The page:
For an effective backup strategy, the analysis of the elements at stake is an important step. Here the advantages and disadvantages of each medium, the budget available, the amount of data to be saved, the security measures to be put in place for the protection of sensitive data, and the accessibility of the data itself must be evaluated. Although many of these aspects need to be considered and properly weighted according to the ecosystem of reference, there are some practical tips that can be implemented:

> make regular backups. The choice of the interval can vary according to the characteristics and dynamism of the data itself (how often and how much data changes). The rule of common sense applies. The watchword is resilience, ensuring that any interruptions are minimal.

> encrypt your backups. The goal within a sound backup strategy is to protect your data in case of theft, loss, or improper disposal of physical machines, and the use of appropriate encryption systems and tools provides an effective solution, even if one of these scenarios occurs. In fact, we must remember that our data has a very significant value, especially for criminals. They aim to steal trade secrets, to have access to the data itself, or to undermine the reputation of the rightful owner if they were disseminated. Encryption as a concept is explicitly mentioned as one possible technical and organisational measure to secure data in the list of art. 32(1) of the GDPR.

> apply the “3-2-1 backup” rule. This approach helps answer the following question: how many backup files should I have and where should I keep them?

  • own at least three copies of the data. Having only one backup copy is not enough. Having more than one copy results in a significant reduction in data loss in the event of a disaster.
  • store two backup copies on different devices or storage media. Any storage device will fail sooner or later. This point of the rule is based on the assumption that two devices of the same type have a much higher risk of failure than two devices of different types or two different storage media.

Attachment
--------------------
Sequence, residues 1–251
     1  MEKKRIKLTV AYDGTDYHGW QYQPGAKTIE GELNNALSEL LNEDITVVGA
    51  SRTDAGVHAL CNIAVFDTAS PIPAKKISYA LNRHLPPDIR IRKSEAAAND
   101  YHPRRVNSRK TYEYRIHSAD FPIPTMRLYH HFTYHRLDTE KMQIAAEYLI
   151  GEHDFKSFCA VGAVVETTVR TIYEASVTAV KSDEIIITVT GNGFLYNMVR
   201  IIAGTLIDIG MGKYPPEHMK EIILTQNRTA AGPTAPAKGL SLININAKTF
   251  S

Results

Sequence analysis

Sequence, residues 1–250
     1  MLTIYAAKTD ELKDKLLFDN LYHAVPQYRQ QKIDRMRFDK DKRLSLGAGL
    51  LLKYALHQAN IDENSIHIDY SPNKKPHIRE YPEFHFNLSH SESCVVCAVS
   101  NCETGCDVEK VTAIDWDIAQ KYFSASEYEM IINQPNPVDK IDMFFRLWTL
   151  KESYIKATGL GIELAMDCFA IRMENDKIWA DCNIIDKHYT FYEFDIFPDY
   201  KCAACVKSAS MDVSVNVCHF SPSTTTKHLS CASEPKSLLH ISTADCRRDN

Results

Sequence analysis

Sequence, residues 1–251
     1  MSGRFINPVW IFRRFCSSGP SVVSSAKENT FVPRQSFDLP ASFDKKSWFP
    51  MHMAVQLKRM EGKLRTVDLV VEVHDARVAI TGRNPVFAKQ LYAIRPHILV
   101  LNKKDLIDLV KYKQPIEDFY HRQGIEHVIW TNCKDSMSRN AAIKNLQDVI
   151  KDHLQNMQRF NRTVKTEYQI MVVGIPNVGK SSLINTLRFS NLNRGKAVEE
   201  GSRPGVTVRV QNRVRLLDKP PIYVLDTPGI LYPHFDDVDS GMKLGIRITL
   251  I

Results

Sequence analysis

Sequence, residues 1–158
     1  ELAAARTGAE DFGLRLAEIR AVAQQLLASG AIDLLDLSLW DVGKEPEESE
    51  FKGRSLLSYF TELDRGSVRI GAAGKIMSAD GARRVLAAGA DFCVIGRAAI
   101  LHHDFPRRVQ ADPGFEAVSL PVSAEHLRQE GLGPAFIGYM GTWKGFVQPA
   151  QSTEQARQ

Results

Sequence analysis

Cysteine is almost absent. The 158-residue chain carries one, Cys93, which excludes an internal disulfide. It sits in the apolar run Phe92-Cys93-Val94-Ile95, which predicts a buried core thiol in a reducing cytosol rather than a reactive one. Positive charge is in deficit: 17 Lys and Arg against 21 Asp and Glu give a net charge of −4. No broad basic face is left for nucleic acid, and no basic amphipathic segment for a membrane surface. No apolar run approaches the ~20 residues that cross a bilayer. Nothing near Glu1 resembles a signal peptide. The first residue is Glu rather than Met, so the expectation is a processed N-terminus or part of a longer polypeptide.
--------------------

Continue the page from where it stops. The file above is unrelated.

• keep at least one copy of the backup off-site. Keeping all backup copies within the same site could be fatal in the event of a disaster. A great solution for individuals and small businesses without remote locations is to keep backups in the cloud.


> properly isolate your backups. Every day we read about attacks, such as ransomware, that hit a device and propagate within all devices connected to the same network. A solution can be to rely on cloud solutions (which also require in-depth analysis in terms not only of security), which proves to be an effective choice also for the benefit of scalability.

> periodical verification of the recovery process. It is essential to regularly check (depending on the nature of the activities) that the whole chain is efficient, including the people who manage it. If you do not make a real recovery of data, you will never be sure that the backup copy in question is intact and functioning.

> training. By being aware of the appropriate procedures to be set up and conducted, you can ensure a process that significantly reduces potential risks and makes the whole chain more efficient.


It is important that each and every one of us invests and plays the right weight and role in each of the points addressed. The consequences for those who abstain, as briefly analysed in this article, are many.

It is important to carry out backups. It is important to do it now. Let us not get to the point where there will be someone telling us that: “backup is the thing that should have been done before“.


ICT Cyber Consulting